Asthma is a major, worldwide health concern, affecting children and adults. It affects 7% of the US population and 300 million worldwide [1]. Currently in the USA, some 22 million people are reported to have asthma, six million of whom are children [2]. It is among the commonest chronic conditions in Western countries affecting 1 in 7 children and 1 in 12 adults (equivalent to 5.1 million people in the UK) and is responsible each year for 1500 avoidable deaths, as well as 20 million lost working days. The annual UK healthcare cost is estimated to be £2.5 billion [3]. Oxidative stress is believed to play a role in the development of number of human diseases such as cardiovascular disorders, immunologic diseases, cancer, and asthma. A large amount of epidemiological and clinical evidence exists to support the relationship between increased reactive oxygen species (ROS) and the pathogenesis of bronchial asthma [48]. Oxidative stress is a deleterious process that leads to lung damage and consequently to various lung diseases. To protect against exposure to oxidants the lungs have a powerful antioxidant system, including nonenzymatic and enzymatic antioxidants, which may delay or prevent oxidation, but also eliminate reactive oxygen species [5]. At high levels of oxidative stress, however, antioxidants become depleted, and an imbalance between oxidants and antioxidants occurs, which causes pathological damage, or a variety of cellular responses through formation of secondary ROS [9]. All the major varieties of inflammatory lung diseases, asthma, chronic obstructive pulmonary disease, idiopathic pulmonary fibrosis, acute respiratory distress syndrome, interstitial lung diseases, and bronchopulmonary dysplasia share a common feature of impaired oxidant/antioxidant ratio [10]. Therefore, the supplementation of antioxidants to boost the endogenous antioxidants or scavenge excessive ROS production could be utilized to prevent the inflammatory response in asthma by restoring oxidant-antioxidant balance. Current knowledge of the effects of oxidative stress allow the development of new classes of antioxidants in the treatment of asthma and other disorders, associated with the oxidative stress. Considerable progress has been made in the last years, in developing mitochondria-targeted antioxidants such as manganese porphyrins [2]. A number of water-soluble meso-substituted manganese porphyrins with a molecular weight above 800 quickly pass through the cell membranes and are distributed into the mitochondria [11, 12]. Therefore we aimed to study the effect of MnTE-2-PyP (Manganese (III) 5,10,15,20-tetrakis (N-ethylpyridinium-2-yl) porphyrin), a manganese-meso-porphyrin also known as AEOL-10113, on some markers of lung antioxidant defence system in asthma mice model.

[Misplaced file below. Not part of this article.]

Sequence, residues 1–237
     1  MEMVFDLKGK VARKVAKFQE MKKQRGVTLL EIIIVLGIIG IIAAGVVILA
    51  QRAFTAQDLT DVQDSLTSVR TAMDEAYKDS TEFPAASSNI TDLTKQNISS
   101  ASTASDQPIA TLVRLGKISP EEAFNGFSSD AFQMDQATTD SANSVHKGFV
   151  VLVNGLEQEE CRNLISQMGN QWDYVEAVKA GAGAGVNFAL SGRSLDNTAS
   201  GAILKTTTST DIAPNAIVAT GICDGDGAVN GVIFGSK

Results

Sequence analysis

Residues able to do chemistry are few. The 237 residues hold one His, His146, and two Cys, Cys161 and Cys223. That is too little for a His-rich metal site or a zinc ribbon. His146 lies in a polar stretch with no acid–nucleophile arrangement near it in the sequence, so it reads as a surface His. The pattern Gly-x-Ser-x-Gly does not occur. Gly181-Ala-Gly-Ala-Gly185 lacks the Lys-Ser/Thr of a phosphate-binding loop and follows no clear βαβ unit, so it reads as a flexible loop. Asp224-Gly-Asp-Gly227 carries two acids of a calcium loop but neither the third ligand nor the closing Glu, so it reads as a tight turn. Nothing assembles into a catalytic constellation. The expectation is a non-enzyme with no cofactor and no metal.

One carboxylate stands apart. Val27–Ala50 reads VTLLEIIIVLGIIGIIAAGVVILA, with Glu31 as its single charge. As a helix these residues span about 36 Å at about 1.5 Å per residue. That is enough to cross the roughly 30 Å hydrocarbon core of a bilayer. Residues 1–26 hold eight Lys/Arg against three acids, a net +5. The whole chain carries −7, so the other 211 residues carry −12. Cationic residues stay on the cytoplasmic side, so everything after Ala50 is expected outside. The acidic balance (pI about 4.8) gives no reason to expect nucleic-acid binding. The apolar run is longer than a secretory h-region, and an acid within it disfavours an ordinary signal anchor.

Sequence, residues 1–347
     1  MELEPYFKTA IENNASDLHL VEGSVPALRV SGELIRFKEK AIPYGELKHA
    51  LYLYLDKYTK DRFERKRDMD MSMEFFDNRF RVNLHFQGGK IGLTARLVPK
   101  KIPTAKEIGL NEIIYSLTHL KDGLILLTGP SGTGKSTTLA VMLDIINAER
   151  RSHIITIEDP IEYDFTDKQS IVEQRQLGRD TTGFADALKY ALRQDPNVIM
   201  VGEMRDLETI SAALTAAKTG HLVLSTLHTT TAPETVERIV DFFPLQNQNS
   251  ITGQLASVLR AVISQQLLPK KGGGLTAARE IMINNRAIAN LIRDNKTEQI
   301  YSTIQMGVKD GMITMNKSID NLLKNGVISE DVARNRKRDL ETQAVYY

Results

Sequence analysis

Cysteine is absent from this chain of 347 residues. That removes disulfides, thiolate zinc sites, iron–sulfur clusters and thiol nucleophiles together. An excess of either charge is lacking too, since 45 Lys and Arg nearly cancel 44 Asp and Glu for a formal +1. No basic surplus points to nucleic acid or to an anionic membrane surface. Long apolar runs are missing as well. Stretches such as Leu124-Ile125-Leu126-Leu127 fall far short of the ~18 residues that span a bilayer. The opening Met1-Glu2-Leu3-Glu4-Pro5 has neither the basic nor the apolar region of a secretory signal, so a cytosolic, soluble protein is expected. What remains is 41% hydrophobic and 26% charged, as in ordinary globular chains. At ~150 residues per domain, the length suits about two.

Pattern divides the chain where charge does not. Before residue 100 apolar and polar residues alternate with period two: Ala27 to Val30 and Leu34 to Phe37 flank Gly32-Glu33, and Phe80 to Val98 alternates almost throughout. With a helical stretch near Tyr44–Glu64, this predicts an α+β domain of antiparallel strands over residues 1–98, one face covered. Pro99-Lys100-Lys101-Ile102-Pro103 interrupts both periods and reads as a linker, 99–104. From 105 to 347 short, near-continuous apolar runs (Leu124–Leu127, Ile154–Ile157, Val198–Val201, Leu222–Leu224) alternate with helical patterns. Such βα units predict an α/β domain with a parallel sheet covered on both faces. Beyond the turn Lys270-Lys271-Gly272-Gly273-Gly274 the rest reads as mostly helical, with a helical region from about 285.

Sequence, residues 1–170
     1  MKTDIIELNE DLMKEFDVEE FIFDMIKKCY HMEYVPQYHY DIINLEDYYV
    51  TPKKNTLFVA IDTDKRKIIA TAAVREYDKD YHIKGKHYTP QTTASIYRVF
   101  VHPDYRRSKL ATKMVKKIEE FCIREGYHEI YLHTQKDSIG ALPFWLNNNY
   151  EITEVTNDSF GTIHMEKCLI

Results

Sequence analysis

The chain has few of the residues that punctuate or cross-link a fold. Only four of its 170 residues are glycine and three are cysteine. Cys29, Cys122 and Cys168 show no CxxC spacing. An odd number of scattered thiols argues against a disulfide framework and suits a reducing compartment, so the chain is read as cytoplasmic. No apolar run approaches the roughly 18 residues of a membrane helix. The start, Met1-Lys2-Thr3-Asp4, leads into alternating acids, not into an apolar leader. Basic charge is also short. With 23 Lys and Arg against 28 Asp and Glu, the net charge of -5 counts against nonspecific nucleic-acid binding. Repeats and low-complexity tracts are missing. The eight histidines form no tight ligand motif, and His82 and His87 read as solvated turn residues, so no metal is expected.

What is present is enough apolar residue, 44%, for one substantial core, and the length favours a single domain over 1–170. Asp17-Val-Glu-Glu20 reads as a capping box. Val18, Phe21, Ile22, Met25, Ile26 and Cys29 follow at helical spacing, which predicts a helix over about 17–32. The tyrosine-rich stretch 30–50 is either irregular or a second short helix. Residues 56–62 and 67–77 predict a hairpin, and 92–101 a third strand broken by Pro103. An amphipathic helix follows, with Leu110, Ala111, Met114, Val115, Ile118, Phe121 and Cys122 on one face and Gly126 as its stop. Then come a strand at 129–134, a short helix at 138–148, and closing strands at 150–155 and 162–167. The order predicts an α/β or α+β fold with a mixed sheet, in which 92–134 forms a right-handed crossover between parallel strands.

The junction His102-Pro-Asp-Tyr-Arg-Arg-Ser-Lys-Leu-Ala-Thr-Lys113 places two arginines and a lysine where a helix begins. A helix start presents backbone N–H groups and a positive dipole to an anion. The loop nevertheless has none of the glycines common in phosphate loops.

2. Material and Methods